The Great Britain pound performed rather well last week, but this week’s behavior of the UK currency will likely be extremely erratic and unpredictable. The reason for that is the UK general election on Thursday. The outcome of the vote will shape Britain’s political landscape, and thus it will determine chances for a no-deal Brexit.
Brits will vote on December 12, with each of the 650 constituencies of the United Kingdom electing one Member of Parliament (MP) to the House of Commons. The timing of the election is extremely uncommon as the last election held in December happened in 1923. Prime Minister Boris Johnson pushed for an unusual timing in a bid to secure a parliamentary majority. Indeed, polls favor Prime Minister’s Conservative Party, and experts think that a Conservative majority is the most likely outcome of the voting. And considering the latest moves of the sterling, markets prefer such an outcome as it means that the Parliament will likely ratify the current withdrawal agreement and the United Kingdom will leave the European Union with a deal. But UK polls are inherently unreliable as was demonstrated several times recently when the outcome of elections was very different from the one predicted by polls. That is because it is determined by how votes are distributed across regions, not by the total percentage of votes nationwide. Additionally, some analysts think that the upside potential for the sterling is limited even in the best-case scenario as markets have already largely priced in Tory’s victory. But if on the other hand, the voting results in a hung parliament, the sterling will likely tank.
Macroeconomic data will likely have a limited impact on the sterling this week as the traders’ focus is concentrated on the election. Nevertheless, macro reports are still important for gauging how healthy Britain’s economy is, and they still can affect the currency over the longer term. The vast majority of this week’s reports will come out on Tuesday. The most important of them will be the GDP figure and manufacturing production. Economists predicted that the data will show a growth of Britain’s economy by 0.1% in October after two months of decline at the same rate. Manufacturing production is expected to show an increase of 0.1% in October following a drop of 0.4% in September.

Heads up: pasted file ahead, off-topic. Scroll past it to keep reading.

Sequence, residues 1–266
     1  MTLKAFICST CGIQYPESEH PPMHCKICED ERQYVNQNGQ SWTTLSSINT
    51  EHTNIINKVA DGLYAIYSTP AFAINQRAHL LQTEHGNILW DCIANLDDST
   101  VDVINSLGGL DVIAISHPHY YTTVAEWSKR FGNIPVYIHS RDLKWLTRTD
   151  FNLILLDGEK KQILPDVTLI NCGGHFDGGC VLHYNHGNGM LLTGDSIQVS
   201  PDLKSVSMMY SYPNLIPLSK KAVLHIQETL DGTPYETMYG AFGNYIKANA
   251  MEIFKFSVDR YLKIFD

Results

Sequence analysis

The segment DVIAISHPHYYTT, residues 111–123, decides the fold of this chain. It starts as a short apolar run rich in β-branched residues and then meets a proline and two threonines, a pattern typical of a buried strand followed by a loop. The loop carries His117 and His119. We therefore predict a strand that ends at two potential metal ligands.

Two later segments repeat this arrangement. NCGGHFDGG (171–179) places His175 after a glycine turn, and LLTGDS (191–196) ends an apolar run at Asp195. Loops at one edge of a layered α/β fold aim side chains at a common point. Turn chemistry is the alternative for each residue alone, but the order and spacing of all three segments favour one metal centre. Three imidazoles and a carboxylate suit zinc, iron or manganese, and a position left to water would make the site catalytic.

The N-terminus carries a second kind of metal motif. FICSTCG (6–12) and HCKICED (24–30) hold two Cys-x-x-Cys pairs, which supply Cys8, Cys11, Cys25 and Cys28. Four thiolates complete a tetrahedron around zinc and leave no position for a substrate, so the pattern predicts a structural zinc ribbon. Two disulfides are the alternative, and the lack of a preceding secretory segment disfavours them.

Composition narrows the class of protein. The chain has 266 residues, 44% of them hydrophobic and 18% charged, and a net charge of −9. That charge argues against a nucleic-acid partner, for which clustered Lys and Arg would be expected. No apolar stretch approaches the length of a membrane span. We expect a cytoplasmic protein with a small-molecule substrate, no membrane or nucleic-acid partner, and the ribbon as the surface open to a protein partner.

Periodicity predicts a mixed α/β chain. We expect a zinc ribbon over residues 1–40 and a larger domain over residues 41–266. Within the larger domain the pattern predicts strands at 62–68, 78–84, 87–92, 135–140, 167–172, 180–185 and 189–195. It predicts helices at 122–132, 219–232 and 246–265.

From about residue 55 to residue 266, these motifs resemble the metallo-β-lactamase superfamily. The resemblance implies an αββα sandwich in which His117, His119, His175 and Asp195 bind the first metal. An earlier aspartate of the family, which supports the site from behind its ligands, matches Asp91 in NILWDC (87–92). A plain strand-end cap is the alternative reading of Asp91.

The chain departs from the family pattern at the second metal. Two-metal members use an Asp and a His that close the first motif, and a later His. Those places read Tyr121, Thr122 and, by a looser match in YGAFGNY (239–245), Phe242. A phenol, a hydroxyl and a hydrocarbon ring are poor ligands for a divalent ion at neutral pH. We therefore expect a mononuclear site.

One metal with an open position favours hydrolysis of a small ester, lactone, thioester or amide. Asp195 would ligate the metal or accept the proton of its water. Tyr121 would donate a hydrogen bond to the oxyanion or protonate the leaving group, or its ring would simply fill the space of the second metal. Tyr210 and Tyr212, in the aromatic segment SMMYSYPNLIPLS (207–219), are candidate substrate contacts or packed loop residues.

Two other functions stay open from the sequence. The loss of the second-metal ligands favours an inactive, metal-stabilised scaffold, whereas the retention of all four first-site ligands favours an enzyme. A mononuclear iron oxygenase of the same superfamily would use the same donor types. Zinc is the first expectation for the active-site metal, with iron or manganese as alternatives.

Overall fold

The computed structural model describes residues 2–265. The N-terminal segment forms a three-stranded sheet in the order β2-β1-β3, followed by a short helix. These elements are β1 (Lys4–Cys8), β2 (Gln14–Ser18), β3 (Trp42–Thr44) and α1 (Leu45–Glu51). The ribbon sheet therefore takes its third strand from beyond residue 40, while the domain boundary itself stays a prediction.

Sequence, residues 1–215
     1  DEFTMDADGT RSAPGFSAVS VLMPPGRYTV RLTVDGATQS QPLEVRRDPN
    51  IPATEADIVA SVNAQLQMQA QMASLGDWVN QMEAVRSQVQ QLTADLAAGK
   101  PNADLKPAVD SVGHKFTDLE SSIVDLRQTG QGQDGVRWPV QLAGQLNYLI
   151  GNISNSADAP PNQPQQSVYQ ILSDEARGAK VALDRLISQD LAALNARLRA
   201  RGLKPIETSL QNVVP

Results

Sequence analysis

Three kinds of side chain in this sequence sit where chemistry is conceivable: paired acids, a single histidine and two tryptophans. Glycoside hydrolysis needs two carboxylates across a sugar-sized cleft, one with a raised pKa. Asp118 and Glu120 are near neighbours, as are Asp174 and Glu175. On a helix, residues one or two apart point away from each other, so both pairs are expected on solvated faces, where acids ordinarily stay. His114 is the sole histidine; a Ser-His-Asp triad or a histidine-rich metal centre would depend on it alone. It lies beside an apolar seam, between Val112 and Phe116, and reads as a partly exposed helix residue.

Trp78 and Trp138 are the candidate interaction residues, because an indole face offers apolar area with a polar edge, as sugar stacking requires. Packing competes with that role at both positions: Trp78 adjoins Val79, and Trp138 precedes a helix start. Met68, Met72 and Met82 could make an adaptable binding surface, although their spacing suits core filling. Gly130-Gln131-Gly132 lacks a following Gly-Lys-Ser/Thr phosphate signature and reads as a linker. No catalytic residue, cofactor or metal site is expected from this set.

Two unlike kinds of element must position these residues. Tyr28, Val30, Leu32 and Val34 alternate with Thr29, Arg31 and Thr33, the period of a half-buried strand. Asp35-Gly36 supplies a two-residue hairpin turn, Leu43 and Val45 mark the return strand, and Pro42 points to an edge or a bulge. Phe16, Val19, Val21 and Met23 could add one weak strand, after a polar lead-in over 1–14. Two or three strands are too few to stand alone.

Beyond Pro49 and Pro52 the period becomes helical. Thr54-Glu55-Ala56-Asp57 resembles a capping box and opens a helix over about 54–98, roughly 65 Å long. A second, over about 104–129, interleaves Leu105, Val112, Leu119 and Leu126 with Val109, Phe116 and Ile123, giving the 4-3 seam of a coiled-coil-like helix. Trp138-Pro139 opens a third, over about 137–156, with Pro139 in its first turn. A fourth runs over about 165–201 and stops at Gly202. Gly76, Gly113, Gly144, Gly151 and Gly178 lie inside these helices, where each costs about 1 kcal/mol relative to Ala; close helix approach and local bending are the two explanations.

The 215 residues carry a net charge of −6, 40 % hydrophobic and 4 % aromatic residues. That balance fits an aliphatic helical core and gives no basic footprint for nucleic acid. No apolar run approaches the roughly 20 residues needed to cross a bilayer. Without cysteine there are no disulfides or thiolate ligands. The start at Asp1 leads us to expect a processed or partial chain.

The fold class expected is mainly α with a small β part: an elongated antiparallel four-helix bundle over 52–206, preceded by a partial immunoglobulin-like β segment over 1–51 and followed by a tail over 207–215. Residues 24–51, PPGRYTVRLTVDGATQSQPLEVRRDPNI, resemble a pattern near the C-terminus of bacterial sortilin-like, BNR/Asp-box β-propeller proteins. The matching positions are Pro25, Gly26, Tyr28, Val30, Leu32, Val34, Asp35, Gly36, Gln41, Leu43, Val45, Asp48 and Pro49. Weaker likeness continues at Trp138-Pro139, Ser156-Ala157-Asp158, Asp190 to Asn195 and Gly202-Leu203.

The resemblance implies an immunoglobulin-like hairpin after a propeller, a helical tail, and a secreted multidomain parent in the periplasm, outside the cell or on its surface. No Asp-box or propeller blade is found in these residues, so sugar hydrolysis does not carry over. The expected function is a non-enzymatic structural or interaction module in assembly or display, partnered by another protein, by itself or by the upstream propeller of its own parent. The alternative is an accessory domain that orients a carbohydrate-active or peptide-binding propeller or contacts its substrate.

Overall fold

Forex Crunch released a neutral forecast for GBP/USD, unwilling to make bullish or bearish bets due to unpredictability of the election outcome:
This weekâs mega-event is the British election on December 12, and the pound could show strong volatility after the results are in. Investors are optimistic that the Conservatives will form the next government, and an outright majority for the Conservatives could see the pound record strong gains. However, nothing is certain when it comes to elections, and a Labour upset would likely send GBP/USD to lower ground.
DailyFX also released a neutral forecast but for a different reason. The problem is that the pound already trades near multi-month highs against many currencies, meaning that Britain’s currency will have a hard time to rally further even in the most-probable positive scenario. The article said:
While it would be easy to give Sterling a bullish forecast, I will rein things back and stay neutral, not because I think Sterling is going to fall, but on the basis that a lot of the expected âBrexit-Bounceâ in GBP has already happened and further rallies may be limited. The British Pound has rallied against a wide range of currencies since bottoming out in early-September and expectations are high that, all things being equal, this rally will continue early next week, although at a slower rate of trajectory.
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